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ch01.qxd

9/11/2002

11:40 AM

Page 9

S E C T I O N

1
Conceptualization and Analysis of Chemical Processes
The first section of this book consists of Chapters 1–4. Chapter 1 covers the important diagrams that are routinely used by chemical engineers to help design and understand chemical processes. The book commences with this section and chapter because nearly all the technicalinformation that is presented in the remainder of the book is, in some way, related to the three principal diagrams that are presented in Chapter 1. These three diagrams are the block flow diagram (BFD), process flow diagram (PFD), and the piping and instrument diagram (P&ID). In addition, the three-dimensional representation of a process is introduced, and some of the basic issues regardingequipment location are addressed. In Chapter 2 the evolutionary process of design is investigated. The inputoutput structure of a process is presented, and the basic building blocks that are common to all processes are introduced. The different recycle structures of processes are illustrated, and the rationale for adding inert material to the feed is also explained. In Chapter 3, methods for tracingchemical species through a process flow diagram are given. By following the paths of feed chemicals and reactants, it is possible to obtain a much clearer picture of what is happening in an existing process. Finally, in Chapter 4, the conditions at which different equipment operate are discussed and explained. The concept of conditions of special concern is explained, and examples of such conditionsare identified and explained in the context of the toluene hydrodealkylation process. Chapter 1: Diagrams for Understanding Chemical Processes The technical diagrams commonly used by chemical engineers are presented. These diagrams include the block flow diagram (BFD), the process flow diagram (PFD), and the process and instrumentation diagram (P&ID). 9

ch01.qxd

9/11/2002

11:40 AM

Page10

10

Section 1

Conceptualization and Analysis of Chemical Processes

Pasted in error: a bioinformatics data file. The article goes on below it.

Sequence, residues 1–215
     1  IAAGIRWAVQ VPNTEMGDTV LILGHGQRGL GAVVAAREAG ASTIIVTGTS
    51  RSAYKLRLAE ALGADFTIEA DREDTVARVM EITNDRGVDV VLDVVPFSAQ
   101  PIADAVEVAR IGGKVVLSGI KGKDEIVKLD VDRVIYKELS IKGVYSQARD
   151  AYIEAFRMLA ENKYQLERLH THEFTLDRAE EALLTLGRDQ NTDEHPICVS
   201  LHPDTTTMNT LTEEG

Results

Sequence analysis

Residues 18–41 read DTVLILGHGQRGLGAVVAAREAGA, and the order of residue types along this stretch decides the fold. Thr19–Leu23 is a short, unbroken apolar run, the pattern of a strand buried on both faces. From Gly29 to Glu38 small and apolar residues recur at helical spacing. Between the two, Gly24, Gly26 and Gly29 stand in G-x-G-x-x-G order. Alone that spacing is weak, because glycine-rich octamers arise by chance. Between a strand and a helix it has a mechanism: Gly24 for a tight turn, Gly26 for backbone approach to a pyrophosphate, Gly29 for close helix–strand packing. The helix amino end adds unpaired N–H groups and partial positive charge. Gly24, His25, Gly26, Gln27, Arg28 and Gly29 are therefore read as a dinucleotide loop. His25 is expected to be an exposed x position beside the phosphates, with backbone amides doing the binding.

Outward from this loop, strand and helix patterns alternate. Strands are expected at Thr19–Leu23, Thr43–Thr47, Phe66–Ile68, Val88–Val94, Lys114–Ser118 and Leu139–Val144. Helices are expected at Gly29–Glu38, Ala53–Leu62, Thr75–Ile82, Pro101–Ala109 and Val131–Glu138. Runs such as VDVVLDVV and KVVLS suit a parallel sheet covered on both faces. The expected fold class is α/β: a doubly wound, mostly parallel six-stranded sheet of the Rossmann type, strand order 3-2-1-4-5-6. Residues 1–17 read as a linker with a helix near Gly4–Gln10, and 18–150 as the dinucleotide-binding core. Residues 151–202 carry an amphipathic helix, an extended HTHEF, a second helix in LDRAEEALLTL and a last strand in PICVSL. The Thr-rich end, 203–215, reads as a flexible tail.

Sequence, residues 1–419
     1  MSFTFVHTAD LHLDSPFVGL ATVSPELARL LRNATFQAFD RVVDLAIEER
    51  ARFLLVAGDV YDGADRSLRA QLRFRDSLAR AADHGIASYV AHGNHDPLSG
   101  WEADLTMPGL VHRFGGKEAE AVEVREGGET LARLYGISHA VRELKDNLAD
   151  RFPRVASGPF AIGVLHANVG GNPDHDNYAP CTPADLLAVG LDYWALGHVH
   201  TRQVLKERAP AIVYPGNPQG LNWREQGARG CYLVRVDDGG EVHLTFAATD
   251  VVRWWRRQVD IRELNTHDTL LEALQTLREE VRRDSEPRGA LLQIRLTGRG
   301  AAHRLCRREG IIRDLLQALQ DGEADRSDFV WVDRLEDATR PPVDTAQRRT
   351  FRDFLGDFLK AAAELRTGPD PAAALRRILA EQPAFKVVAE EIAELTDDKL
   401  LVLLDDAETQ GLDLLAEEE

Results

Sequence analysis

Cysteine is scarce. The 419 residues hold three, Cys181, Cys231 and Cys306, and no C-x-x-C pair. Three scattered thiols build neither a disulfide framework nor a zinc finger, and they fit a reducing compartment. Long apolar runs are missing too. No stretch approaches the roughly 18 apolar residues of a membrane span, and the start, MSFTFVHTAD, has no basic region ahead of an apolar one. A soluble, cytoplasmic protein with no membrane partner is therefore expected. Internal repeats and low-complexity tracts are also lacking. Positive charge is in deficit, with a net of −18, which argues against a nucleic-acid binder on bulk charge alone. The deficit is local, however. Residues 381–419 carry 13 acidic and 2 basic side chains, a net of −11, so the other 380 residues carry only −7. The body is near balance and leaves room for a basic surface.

A standard method for presenting a PFD is given and illustrated using a process to produce benzene via the catalytic hydrodealkylation of toluene. The 3D topology of chemical processes is introduced, and some basic information on the spacing and elevation of equipment is presented. These concepts are furtherillustrated in the Virtual Plant Tour AVI file on the CD accompanying the textbook. Chapter 2: The Structure and Synthesis of Process Flow Diagrams The evolutionary process of design is investigated. This evolution begins with the process concept diagram that shows the input-output structure of all processes. From this simple starting point, the engineer can estimate the gross profit margins of competingprocesses and of processes that use different chemical synthesis routes to produce the same product. In this chapter, it is shown that all processes have a similar input/output structure whereby raw materials enter a process and are reacted to form products and by-products. These products are separated from unreacted feed, which is usually recycled. The product streams are then purified to yieldproducts that are acceptable to the market place. All equipment in a process can be categorized into one of the six elements of the generic block flow process diagram. The process of process design continues by building preliminary flowsheets from these basic functional elements that are common to all processes. Chapter 3: Tracing Chemicals through the Process Flow Diagram In order to gain a betterunderstanding of a PFD, it is often necessary to follow the flow of key chemical components through the diagram. This chapter presents two different methods to accomplish this. The tracing of chemicals through the process reinforces our understanding of the role that each piece of equipment plays. In most cases, the major chemical species can be followed throughout the flow diagram using simple...
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